Less than a day after NASA’s Mars 2020 Perseverance rover successfully landed on the surface of Mars, engineers and scientists at the agency’s Jet Propulsion Laboratory in Southern California were hard at work, awaiting the next transmissions from Perseverance. As data gradually came in, relayed by several spacecraft orbiting the Red Planet, the Perseverance team were relieved to see the rover’s health reports, which showed everything appeared to be working as expected.
Adding to the excitement was a high-resolution image taken during the rover’s landing. While NASA’s Mars Curiosity rover sent back a stop-motion movie of its descent, Perseverance’s cameras are intended to capture video of its touchdown and this new still image was taken from that footage, which is still being relayed to Earth and processed.
Unlike with past rovers, the majority of Perseverance’s cameras capture images in color. After landing, two of the Hazard Cameras (Hazcams) captured views from the front and rear of the rover, showing one of its wheels in the Martian dirt. Perseverance got a close-up from NASA’s eye in the sky, as well: NASA’s Mars Reconnaissance. Orbiter, which used a special high-resolution camera to capture the spacecraft sailing into Jezero Crater, with its parachute trailing behind. The High Resolution Camera Experiment (HiRISE) camera did the same for Curiosity in 2012. JPL leads the orbiter’s mission, while the HiRISE instrument is led by the University of Arizona.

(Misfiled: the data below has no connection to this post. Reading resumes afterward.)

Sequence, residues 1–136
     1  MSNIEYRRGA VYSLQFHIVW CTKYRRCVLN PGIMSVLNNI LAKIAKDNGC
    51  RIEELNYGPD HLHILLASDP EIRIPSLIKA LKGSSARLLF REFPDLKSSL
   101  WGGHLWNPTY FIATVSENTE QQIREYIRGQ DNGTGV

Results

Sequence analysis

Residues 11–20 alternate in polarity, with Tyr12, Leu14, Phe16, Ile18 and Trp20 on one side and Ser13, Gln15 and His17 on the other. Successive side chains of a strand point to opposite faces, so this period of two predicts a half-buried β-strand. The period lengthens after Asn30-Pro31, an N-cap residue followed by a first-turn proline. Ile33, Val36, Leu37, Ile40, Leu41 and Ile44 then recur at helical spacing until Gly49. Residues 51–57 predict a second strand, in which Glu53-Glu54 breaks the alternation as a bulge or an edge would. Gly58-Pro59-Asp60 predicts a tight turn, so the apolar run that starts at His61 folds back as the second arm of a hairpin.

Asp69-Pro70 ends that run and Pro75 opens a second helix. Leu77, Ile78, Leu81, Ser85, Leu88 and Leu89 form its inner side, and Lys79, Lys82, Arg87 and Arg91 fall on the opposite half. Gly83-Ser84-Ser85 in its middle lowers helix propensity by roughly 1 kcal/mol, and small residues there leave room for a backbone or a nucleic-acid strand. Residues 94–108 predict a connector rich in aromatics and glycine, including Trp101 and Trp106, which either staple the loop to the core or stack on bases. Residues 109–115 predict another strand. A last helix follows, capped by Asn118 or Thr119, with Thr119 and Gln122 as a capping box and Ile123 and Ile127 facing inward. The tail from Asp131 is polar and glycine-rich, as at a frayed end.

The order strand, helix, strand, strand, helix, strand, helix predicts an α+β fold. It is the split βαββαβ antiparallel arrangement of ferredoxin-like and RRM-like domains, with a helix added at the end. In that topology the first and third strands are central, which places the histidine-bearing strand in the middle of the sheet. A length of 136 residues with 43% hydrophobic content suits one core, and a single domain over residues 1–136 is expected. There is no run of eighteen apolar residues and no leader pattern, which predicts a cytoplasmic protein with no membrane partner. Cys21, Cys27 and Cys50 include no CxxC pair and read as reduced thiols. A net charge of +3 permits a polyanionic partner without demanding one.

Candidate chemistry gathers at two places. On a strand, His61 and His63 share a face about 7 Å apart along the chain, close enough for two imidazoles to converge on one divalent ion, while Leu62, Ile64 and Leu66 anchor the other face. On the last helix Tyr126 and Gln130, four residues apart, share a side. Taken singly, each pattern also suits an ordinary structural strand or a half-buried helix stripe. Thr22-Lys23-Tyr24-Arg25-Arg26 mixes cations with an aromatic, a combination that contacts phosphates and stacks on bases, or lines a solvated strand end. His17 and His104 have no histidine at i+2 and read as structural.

Several pyrotechnic charges are expected to fire later on Friday, releasing Perseverance’s mast (the “head” of the rover) from where it is fixed on the rover’s deck. The Navigation Cameras (Navcams), which are used for driving, share space on the mast with two science cameras: the zoomable Mastcam-Z and a laser instrument called SuperCam. The mast is scheduled to be raised Saturday, Feb. 20, after which the Navcams are expected to take panoramas of the rover’s deck and its surroundings.
In the days to come, engineers will pore over the rover’s system data, updating its software and beginning to test its various instruments. In the following weeks, Perseverance will test its robotic arm and take its first, short drive. It will be at least one or two months until Perseverance will find a flat location to drop off Ingenuity, the mini-helicopter attached to the rover’s belly, and even longer before it finally hits the road, beginning its science mission and searching for its first sample of Martian rock and sediment.